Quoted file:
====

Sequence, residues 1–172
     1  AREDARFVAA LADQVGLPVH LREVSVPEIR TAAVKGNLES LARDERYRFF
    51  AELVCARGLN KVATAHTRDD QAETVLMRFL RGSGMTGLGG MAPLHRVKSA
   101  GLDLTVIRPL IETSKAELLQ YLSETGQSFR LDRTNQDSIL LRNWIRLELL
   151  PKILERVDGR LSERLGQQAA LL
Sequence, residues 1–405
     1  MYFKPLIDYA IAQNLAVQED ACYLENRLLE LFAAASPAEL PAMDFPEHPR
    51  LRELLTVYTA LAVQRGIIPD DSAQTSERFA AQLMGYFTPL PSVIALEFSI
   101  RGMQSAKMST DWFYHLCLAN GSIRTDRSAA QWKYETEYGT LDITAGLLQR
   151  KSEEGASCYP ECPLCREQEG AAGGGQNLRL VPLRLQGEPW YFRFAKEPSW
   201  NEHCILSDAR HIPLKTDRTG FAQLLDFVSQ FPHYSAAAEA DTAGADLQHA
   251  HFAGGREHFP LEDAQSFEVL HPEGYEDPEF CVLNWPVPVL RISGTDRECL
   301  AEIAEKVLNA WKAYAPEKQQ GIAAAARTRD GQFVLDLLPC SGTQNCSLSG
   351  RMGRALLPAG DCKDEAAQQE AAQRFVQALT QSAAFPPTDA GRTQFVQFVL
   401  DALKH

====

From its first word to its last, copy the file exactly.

Sequence, residues 1–172
     1  AREDARFVAA LADQVGLPVH LREVSVPEIR TAAVKGNLES LARDERYRFF
    51  AELVCARGLN KVATAHTRDD QAETVLMRFL RGSGMTGLGG MAPLHRVKSA
   101  GLDLTVIRPL IETSKAELLQ YLSETGQSFR LDRTNQDSIL LRNWIRLELL
   151  PKILERVDGR LSERLGQQAA LL
Sequence, residues 1–405
     1  MYFKPLIDYA IAQNLAVQED ACYLENRLLE LFAAASPAEL PAMDFPEHPR
    51  LRELLTVYTA LAVQRGIIPD DSAQTSERFA AQLMGYFTPL PSVIALEFSI
   101  RGMQSAKMST DWFYHLCLAN GSIRTDRSAA QWKYETEYGT LDITAGLLQR
   151  KSEEGASCYP ECPLCREQEG AAGGGQNLRL VPLRLQGEPW YFRFAKEPSW
   201  NEHCILSDAR HIPLKTDRTG FAQLLDFVSQ FPHYSAAAEA DTAGADLQHA
   251  HFAGGREHFP LEDAQSFEVL HPEGYEDPEF CVLNWPVPVL RISGTDRECL
   301  AEIAEKVLNA WKAYAPEKQQ GIAAAARTRD GQFVLDLLPC SGTQNCSLSG
   351  RMGRALLPAG DCKDEAAQQE AAQRFVQALT QSAAFPPTDA GRTQFVQFVL
   401  DALKH